Wilkie Collins and the Inheritance Plot

PODZIEWSKA, Julia (2018). Wilkie Collins and the Inheritance Plot. Doctoral, Sheffield Hallam University.

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Link to published version:: https://doi.org/10.7190/shu-thesis-00182


The paramount question this study seeks to answer is why, in the midst of massive and contentious commercial property reform and a flood of accessible printed matter about it, did the leading cultural form of mid-nineteenth century England, the novel, and above all some of the most popular, widely-read, best-selling novels of this time and place—Wilkie Collins’s The Woman in White, No Name, Armadale and The Moonstone—centre on inheritance, a post mortem and long established mode of property transfer, and along with it the related instrument of the marriage settlement, rather than commercial transactions. The thesis seeks to find an answer by working within the following overarching research question: what is the precise relationship between the novel during the 1860s and the revolutionary reconceptualization of property effected by the Companies Acts of 1844-1862. The textual and contextual investigation of the four novels serialised between 1859 and 1868, which traces the interconnections between inheritance plot motifs within each novel in turn, shows that the texts describe transfers of property that fail to follow anticipated paths; protagonists and reader alike trace property passing with ease and speed through numerous, unfamiliar and unknown hands. It is here, the thesis demonstrates, that the novels display their most immediate connection with the new property forms authorised in response to the cyclical crises that convulsed British economic life during the very years Collins consolidated his career as a novelist; and it is here that we can begin to understand the novelistic qualities for which Collins is best known and celebrated: his plotting. Despite many decades of scholarly attention, critical acclaim for skilful plotting, and the recognition of the centrality of inheritance in Collins’s novels, the integral relationship between novelistic form and property has not been recognised. The novels further deal with problematic, contested, threatened and unstable identity, and concomitant to that, and linked with the new commercial phenomenon of limited liability, fluctuating degrees of responsibility through mental states affected by fever, derangement, idiocy, trauma, drugs and sleep. The study as a piece of literary history is weighed towards determining the manner in which and the extent to which new modes of capital formation leave their impress on Collins’s novels.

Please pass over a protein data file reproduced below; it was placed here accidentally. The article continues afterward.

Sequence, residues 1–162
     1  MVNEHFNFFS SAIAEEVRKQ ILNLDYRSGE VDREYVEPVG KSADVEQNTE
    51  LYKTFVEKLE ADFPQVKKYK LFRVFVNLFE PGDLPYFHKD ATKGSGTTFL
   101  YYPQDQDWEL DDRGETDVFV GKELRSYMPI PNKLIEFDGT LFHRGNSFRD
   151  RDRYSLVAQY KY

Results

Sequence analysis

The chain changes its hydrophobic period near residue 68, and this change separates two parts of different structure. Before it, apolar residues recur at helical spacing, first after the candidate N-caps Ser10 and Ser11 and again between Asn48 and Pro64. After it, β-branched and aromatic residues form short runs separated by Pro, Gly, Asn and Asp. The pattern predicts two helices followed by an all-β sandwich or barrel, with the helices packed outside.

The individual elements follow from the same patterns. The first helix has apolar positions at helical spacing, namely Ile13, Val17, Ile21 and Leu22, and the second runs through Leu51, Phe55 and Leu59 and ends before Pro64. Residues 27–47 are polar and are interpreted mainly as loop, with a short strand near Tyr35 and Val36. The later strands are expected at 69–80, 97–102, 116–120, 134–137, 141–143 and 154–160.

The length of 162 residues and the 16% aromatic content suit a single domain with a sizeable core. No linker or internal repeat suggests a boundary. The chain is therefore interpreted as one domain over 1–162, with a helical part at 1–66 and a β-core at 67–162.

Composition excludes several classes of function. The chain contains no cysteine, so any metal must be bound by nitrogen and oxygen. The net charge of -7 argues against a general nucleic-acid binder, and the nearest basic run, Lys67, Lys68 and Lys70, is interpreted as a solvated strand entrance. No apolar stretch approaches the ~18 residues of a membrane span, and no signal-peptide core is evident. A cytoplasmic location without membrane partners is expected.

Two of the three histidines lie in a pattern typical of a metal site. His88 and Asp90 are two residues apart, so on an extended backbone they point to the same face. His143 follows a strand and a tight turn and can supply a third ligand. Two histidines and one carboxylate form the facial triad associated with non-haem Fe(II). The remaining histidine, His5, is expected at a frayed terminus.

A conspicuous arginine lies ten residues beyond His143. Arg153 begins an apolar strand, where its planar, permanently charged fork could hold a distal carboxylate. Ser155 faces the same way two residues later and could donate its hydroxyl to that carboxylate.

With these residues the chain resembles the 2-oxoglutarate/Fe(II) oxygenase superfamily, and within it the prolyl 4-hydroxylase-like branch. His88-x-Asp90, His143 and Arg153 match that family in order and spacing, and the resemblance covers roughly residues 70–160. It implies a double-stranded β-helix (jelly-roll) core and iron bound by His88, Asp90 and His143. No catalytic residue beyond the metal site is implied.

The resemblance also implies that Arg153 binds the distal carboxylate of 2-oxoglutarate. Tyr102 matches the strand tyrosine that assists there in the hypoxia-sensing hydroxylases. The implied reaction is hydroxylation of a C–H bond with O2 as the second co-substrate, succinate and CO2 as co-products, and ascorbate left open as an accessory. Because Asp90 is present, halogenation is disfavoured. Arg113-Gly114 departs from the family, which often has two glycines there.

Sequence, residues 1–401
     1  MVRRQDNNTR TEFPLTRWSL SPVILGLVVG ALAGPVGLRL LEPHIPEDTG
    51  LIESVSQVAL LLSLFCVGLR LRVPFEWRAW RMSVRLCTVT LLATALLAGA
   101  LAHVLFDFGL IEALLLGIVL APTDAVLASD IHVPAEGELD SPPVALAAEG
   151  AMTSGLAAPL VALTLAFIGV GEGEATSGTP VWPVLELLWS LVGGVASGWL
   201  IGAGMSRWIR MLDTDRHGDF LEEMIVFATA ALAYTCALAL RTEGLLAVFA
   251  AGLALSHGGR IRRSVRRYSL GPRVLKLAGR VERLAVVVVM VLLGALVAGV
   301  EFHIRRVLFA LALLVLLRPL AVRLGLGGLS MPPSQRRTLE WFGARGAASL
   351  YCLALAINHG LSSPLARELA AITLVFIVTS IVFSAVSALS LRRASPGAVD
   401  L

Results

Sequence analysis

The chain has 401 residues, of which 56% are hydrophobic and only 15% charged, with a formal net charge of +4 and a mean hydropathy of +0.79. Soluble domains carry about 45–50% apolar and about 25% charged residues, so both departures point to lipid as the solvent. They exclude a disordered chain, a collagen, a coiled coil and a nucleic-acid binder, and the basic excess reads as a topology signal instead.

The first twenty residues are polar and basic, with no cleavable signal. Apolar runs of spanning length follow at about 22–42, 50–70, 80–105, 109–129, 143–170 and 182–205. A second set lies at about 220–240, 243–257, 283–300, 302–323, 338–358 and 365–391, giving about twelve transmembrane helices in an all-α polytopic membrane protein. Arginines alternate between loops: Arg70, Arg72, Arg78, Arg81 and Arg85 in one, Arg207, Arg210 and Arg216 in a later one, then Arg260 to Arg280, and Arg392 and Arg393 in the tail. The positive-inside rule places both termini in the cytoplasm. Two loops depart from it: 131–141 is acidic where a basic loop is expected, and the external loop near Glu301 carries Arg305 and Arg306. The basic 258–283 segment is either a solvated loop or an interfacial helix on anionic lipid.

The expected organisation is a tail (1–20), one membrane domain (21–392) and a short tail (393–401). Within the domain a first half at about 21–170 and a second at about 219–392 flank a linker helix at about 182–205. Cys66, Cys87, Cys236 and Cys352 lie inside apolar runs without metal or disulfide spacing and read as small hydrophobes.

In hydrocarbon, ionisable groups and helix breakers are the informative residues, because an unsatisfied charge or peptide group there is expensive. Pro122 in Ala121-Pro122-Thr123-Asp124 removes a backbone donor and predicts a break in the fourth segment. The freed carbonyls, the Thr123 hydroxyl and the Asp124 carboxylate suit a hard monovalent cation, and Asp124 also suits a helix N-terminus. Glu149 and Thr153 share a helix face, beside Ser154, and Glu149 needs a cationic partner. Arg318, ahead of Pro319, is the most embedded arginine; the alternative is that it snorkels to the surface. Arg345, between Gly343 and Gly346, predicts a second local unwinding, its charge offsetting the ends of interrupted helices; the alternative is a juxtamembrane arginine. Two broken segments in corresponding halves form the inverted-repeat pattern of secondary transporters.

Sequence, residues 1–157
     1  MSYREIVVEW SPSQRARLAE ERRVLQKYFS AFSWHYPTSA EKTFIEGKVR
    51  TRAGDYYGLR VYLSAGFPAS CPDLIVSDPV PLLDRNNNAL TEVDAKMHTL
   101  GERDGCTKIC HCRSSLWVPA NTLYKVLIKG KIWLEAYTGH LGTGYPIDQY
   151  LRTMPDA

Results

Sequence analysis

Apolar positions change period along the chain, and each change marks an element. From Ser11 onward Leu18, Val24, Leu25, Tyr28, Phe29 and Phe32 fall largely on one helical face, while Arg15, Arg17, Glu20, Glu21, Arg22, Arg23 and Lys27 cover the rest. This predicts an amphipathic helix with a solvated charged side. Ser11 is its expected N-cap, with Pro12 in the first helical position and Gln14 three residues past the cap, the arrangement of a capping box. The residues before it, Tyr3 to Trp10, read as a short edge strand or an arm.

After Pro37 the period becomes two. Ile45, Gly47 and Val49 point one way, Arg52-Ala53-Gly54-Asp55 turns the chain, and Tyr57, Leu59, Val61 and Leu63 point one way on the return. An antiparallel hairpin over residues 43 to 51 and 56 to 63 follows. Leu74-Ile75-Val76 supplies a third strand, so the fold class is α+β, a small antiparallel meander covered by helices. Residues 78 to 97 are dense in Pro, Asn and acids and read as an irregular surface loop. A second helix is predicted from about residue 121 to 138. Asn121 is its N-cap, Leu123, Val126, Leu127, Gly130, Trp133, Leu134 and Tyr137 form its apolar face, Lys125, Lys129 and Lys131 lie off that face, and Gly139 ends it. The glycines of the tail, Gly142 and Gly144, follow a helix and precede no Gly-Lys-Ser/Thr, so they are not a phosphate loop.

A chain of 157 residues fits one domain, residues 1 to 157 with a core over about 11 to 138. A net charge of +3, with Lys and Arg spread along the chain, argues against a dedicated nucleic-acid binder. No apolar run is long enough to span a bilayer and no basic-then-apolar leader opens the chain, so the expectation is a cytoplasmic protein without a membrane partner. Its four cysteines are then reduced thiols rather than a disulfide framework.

Item Type: Thesis (Doctoral)
Thesis advisor - Earnshaw, Steve
Additional Information: Director of studies: Steve Earnshaw "No PQ harvesting"
Research Institute, Centre or Group - Does NOT include content added after October 2018: Sheffield Hallam Doctoral Theses
Identification Number: https://doi.org/10.7190/shu-thesis-00182
Depositing User: Colin Knott
Date Deposited: 19 Jun 2019 08:57
Last Modified: 26 Apr 2021 11:02
URI: https://shura.shu.ac.uk/id/eprint/24734

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